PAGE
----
California was quickly granted statehood in 1850, and the U.S. military built Fort Point at the Golden Gate and a fort on Alcatraz Island to secure the San Francisco Bay. Silver discoveries, including the Comstock Lode in Nevada in 1859, further drove rapid population growth. With hordes of fortune seekers streaming through the city, lawlessness was common, and the Barbary Coast section of town gained notoriety as a haven for criminals, prostitution, and gambling.
In 2019, San Francisco was the county with the seventh-highest income in the United States, with a per capita income of $139,405. In the same year, San Francisco proper had a GDP of $203.5 billion, and a GDP per capita of $230,829. The CSA San Francisco shares with San Jose and Oakland, with a GDP of $1.09 trillion as of 2019, is the country’s third-largest urban economy, following New York City and Los Angeles. Of the 105 primary statistical areas in the U.S. with over 500,000 residents, this CSA had the highest GDP per capita in 2019, at $112,348. San Francisco was ranked 12th in the world and second in the United States on the Global Financial Centres Index as of March 2021.
The nearby San Andreas and Hayward Faults are responsible for much earthquake activity, although neither physically passes through the city itself. The San Andreas Fault caused the earthquakes in 1906 and 1989. Minor earthquakes occur on a regular basis. The threat of major earthquakes plays a large role in the city’s infrastructure development. The city constructed an auxiliary water supply system and has repeatedly upgraded its building codes, requiring retrofits for older buildings and higher engineering standards for new construction. However, there are still thousands of smaller buildings that remain vulnerable to quake damage. USGS has released the California earthquake forecast which models earthquake occurrence in California.
San Francisco was founded on June 29, 1776, when colonists from Spain established the Presidio of San Francisco at the Golden Gate and Mission San Francisco de Asís a few miles away, both named for Francis of Assisi. The California Gold Rush of 1849 brought rapid growth, making it the largest city on the West Coast at the time. San Francisco became a consolidated city-county in 1856. San Francisco’s status as the West Coast’s largest city peaked between 1870 and 1900, when around 25% of California’s population resided in the city proper. After three-quarters of the city was destroyed by the 1906 earthquake and fire, San Francisco was quickly rebuilt, hosting the Panama-Pacific International Exposition nine years later. In World War II, San Francisco was a major port of embarkation for service members shipping out to the Pacific Theater. It then became the birthplace of the United Nations in 1945. After the war, the confluence of returning servicemen, significant immigration, liberalizing attitudes, along with the rise of the “beatnik” and “hippie” countercultures, the Sexual Revolution, the Peace Movement growing from opposition to United States involvement in the Vietnam War, and other factors led to the Summer of Love and the gay rights movement, cementing San Francisco as a center of liberal activism in the United States. Politically, the city votes strongly along liberal Democratic Party lines.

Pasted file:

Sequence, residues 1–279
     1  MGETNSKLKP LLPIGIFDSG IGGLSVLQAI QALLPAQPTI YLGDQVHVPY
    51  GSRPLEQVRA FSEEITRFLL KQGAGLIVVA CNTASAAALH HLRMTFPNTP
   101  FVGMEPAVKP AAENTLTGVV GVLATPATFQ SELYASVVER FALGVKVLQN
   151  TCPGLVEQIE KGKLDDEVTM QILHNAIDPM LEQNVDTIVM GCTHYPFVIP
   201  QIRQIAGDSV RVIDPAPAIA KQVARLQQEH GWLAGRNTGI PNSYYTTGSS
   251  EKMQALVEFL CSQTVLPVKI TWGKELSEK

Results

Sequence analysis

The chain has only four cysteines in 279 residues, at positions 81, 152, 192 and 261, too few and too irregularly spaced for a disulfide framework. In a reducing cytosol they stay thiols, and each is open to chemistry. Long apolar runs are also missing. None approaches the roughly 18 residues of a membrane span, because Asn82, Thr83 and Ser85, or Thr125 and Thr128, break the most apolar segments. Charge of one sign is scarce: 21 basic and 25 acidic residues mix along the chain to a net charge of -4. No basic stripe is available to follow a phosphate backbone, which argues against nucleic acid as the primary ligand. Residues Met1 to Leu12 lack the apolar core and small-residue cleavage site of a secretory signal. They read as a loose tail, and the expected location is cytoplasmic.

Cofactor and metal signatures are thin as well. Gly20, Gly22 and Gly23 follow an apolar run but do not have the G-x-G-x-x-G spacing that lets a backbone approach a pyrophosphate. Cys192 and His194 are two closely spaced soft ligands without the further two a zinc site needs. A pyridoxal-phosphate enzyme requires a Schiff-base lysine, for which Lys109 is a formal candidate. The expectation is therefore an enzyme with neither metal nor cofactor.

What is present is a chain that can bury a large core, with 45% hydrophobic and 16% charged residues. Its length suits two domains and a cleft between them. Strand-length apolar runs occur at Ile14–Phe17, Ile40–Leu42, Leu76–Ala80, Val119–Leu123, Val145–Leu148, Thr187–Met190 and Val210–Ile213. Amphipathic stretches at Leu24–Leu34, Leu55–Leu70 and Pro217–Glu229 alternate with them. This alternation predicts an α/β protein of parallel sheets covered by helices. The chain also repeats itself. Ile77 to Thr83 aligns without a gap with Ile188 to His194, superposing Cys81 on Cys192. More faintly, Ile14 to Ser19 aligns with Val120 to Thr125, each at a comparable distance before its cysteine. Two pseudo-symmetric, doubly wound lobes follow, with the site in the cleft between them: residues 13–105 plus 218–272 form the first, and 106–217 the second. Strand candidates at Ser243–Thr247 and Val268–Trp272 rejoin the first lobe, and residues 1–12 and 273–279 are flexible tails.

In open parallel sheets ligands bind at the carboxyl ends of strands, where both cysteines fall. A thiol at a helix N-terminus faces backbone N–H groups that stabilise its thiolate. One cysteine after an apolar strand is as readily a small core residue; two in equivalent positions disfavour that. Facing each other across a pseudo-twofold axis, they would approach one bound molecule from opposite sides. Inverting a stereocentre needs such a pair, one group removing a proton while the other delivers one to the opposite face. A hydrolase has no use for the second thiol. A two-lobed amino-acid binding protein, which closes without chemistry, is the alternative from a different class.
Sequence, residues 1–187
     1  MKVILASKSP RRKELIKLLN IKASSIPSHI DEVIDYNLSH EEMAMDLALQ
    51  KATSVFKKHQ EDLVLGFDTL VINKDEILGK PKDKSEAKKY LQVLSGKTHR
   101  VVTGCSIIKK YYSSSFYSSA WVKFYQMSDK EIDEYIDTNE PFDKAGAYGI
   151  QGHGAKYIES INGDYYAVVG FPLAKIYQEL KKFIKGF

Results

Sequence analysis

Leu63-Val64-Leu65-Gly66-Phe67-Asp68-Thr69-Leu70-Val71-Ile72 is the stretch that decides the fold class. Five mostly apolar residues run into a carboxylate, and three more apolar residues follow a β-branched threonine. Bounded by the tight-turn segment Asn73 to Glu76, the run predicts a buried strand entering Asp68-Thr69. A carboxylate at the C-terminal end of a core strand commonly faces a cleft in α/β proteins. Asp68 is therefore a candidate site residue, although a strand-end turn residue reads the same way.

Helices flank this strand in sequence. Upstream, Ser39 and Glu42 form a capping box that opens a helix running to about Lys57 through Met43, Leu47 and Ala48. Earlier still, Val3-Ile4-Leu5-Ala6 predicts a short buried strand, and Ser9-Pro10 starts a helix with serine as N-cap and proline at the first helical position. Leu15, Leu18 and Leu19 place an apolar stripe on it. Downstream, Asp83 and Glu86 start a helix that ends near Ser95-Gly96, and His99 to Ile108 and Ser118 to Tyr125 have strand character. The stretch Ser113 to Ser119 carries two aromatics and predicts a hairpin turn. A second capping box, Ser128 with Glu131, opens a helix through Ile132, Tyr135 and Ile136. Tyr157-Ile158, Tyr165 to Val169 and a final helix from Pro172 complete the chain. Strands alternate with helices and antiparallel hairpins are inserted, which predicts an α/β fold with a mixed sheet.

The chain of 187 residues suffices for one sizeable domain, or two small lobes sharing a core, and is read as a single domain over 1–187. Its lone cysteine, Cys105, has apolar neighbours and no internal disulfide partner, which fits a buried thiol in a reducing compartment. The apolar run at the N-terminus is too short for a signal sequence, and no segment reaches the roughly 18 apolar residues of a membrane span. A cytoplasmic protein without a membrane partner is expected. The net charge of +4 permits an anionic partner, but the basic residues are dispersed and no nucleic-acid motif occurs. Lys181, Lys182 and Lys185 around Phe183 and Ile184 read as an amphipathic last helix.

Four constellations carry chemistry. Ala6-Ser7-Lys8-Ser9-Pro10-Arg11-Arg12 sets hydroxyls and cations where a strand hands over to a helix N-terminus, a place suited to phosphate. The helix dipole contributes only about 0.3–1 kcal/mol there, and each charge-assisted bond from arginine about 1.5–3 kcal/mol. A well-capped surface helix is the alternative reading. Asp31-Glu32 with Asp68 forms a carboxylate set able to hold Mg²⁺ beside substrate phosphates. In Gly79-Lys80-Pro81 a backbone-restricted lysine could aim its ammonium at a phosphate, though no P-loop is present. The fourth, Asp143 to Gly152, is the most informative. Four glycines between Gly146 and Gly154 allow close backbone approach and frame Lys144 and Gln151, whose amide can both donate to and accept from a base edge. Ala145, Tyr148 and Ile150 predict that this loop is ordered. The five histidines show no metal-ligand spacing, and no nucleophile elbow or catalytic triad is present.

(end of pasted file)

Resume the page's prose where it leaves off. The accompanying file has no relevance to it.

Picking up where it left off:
San Francisco is a global city, a status that pre-dated the city’s popularity during the California Gold Rush. Such cities are characterized by their ethnic clustering, network of international connectivity, and convergence of technological innovation. Global cities, such as San Francisco, are considered to be complex and require a high level of talent as well as large masses of low wage workers. A divide is created within the city of ethnic, typically lower-class neighborhoods, and expensive ones with newly developed buildings. This in turn creates a population of highly educated, white-collar individuals as well as blue-collar workers, many of whom are immigrants, and who both are drawn to the increasing number of opportunities available. Competition for these opportunities pushes growth and adaptation in world centers.
The legacy of the California Gold Rush turned San Francisco into the principal banking and finance center of the West Coast in the early twentieth century. Montgomery Street in the Financial District became known as the “Wall Street of the West”, home to the Federal Reserve Bank of San Francisco, the Wells Fargo corporate headquarters, and the site of the now-defunct Pacific Coast Stock Exchange. Bank of America, a pioneer in making banking services accessible to the middle class, was founded in San Francisco and in the 1960s, built the landmark modern skyscraper at 555 California Street for its corporate headquarters. Many large financial institutions, multinational banks, and venture capital firms are based in or have regional headquarters in the city. With over 30 international financial institutions, six Fortune 500 companies, and a large support infrastructure of professional services—including law, public relations, architecture and design—San Francisco is designated as an Alpha(-) World City. The 2017 Global Financial Centres Index ranked San Francisco as the sixth-most competitive financial center in the world.